Episode 33

Alleviating World Poverty with Timmy Douglas

Published on: 22nd June, 2022

Timmy Douglas is a podcaster, coach and entrepreneur from Austin, Texas. Still only in his early twenties, Timmy has set himself the audacious goals of firstly, securing financial freedom for himself and his family, and secondly, alleviating world poverty. In this interview, Timmy talks about:

  • what financial freedom is and how it can be achieved
  • how he plans to set up a system to alleviate world poverty
  • his passion and drive for helping people achieve their dreams and goals
  • why it’s important to lead an authentic life and take care of yourself
  • having a moral obligation to achieve our wishes

Timmy can be contacted via his website: workwithtimmydouglas.com

The books mentioned in this episode are The Compound Effect by Darren Hardy and Who Not How by Dan Sullivan and Benjamin Hardy

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Music: Pablito's Way by Paolo Pavan

Transcript
Maribel:

Welcome to another episode of the AudaciousNess podcast. Today we have Timothy Douglas with us, whom I met online as he interviewed me, but I won't say anything more and I’ll let Timmy introduce himself. Timmy, tell us what it is that you do and what is the audacious work that you are onto?

Timmy:

Yeah, yeah, absolutely. Thanks for having me on the show. So, as you said, Timmy Douglas and I am the host of the Living the Dream podcast. With that podcast, I have one big goal and that’s to create a community of people that helps each other take massive action, inspire them to dream bigger, hold them accountable to dreaming bigger and then celebrate progress together. So that's the goal of the community. That was more of a passion project. The audacious work that I say I focus on… I really have two goals in my life: that's creating financial freedom for myself and my family, and then spending the rest of my life alleviating poverty around the world. And that goes in extreme poverty and relative poverty, because there are people in poverty in the United States where it may not be extreme, but relative to wealth in the US, they are still on a poverty scale. And so that's what I want to spend the rest of my life doing.

Maribel:

Wow, that sounds pretty audacious. Do you do this, because I have the feeling, do you do this full time?

Timmy:

No, I don't do it full time yet.

Maribel:

Exactly. So that means you have a nine to five job?

Timmy:

I have a sales job. Flexible schedule, so I can sprinkle some stuff throughout the day. But I have a sales job, I do the podcast and I am working my way towards financial freedom. And that's when I'll jump into it full time.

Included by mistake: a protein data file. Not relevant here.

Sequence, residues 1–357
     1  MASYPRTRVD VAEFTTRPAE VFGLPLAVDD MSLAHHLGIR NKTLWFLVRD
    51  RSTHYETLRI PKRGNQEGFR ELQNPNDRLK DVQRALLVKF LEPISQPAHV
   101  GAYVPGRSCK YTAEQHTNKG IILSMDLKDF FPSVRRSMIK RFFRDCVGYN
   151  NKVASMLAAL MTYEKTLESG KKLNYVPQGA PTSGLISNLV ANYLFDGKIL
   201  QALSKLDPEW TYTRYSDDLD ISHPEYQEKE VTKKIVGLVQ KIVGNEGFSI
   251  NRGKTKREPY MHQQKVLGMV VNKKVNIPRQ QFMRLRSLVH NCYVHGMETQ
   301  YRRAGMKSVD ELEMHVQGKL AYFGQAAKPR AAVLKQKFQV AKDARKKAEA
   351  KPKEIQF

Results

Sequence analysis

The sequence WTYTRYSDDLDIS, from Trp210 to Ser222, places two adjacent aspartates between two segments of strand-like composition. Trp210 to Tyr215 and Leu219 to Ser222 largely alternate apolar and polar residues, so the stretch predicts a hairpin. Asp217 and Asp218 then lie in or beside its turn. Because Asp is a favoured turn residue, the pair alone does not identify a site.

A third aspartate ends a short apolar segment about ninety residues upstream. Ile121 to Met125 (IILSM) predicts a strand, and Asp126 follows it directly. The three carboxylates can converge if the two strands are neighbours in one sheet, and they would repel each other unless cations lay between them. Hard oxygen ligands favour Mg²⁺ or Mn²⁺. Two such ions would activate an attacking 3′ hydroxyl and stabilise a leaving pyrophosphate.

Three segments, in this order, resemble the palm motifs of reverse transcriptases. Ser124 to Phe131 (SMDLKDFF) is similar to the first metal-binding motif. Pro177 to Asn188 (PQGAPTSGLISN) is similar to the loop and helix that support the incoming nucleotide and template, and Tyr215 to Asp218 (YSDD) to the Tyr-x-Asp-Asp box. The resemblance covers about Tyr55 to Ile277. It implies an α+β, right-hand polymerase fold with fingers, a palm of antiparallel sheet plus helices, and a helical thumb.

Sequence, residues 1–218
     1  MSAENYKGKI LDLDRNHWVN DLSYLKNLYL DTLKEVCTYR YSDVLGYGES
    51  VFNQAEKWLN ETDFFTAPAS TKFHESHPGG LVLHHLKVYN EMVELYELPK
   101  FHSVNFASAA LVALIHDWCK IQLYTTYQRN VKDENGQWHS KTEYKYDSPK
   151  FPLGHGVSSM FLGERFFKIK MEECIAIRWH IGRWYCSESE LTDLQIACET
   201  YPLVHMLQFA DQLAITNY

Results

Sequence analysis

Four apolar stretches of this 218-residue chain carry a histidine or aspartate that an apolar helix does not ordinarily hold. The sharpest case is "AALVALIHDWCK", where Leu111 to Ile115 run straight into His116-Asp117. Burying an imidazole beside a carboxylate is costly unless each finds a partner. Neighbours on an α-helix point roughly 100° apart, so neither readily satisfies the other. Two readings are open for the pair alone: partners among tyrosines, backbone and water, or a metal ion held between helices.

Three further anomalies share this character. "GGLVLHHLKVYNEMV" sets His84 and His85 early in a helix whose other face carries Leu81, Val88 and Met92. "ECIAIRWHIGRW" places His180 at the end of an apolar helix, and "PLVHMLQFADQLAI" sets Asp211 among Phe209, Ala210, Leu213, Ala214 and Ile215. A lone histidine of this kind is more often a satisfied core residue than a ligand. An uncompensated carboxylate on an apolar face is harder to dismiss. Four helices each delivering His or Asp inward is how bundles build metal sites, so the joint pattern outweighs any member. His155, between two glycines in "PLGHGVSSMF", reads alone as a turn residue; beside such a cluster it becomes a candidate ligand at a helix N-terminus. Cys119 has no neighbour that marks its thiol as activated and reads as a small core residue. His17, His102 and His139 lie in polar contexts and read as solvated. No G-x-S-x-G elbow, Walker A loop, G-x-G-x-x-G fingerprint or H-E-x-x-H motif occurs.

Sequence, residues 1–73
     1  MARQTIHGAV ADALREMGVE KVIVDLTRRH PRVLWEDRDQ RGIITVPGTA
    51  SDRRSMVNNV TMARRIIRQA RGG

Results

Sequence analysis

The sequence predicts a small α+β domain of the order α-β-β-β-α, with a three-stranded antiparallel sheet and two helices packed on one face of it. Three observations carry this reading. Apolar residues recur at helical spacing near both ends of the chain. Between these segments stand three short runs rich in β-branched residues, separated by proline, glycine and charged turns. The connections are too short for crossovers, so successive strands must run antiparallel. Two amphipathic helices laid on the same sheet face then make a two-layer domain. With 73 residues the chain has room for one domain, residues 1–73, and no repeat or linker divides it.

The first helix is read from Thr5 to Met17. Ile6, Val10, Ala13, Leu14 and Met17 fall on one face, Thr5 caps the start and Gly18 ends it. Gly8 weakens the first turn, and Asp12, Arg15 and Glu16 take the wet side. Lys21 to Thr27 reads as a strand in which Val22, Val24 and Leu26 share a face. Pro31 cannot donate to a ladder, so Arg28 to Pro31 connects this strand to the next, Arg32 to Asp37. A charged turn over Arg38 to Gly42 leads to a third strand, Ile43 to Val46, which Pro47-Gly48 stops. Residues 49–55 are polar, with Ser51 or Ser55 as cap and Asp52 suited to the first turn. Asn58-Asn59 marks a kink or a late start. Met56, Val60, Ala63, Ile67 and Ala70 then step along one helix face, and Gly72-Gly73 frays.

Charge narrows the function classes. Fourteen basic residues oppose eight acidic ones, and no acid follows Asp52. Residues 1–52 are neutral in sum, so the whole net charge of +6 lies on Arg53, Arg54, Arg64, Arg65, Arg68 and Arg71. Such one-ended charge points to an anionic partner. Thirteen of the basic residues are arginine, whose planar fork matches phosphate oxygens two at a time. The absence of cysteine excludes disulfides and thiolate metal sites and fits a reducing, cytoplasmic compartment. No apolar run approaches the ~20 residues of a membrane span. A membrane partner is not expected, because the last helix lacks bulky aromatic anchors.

Maribel:

Exactly. Well, that was the point of my question, making it obvious to our listeners that it's not that you're just doing this all the time, it’s like, after your nine to five job then you do all this audacious work. And you're a coach, aren't you?

Timmy:

Yep, yep. So the coaching has actually changed up a little bit. I do it one on one with people when the opportunity presents itself, but I'm more moving towards a group model, which is a creative dealmakers mastermind. The goal is to bring people in who are younger entrepreneurs and have them focus on doing real estate deals, doing business deals or partnering with people to get their startup side hustles off the ground. So it doesn't have to be a traditional tech startup, it can be a coaching practice, it can be an affiliate marketing gig, but getting stuff off the ground to get revenue in their pockets because I've really been trying to hone in on who I want to help and how I want to bring value to them. And there's been a lot of, okay, who was I three years ago and what did I need? And this is what I came on. I was in the entrepreneurial game three years ago, which, when I was in college I was a sophomore three years ago. And the problem was I was doing it alone. And I was failing because I wasn't a) getting mentors, b) around people who could hold me accountable and who were dreaming bigger. And so I'm creating that community for younger entrepreneurs and college students who want to generate 4-5k a month by the time they get out of college, through their business. That's the goal for them. Whether they all succeed, obviously that's up to the work that we all put in. But that's the goal — to give them some guidance to do that through real estate business or some side hustle.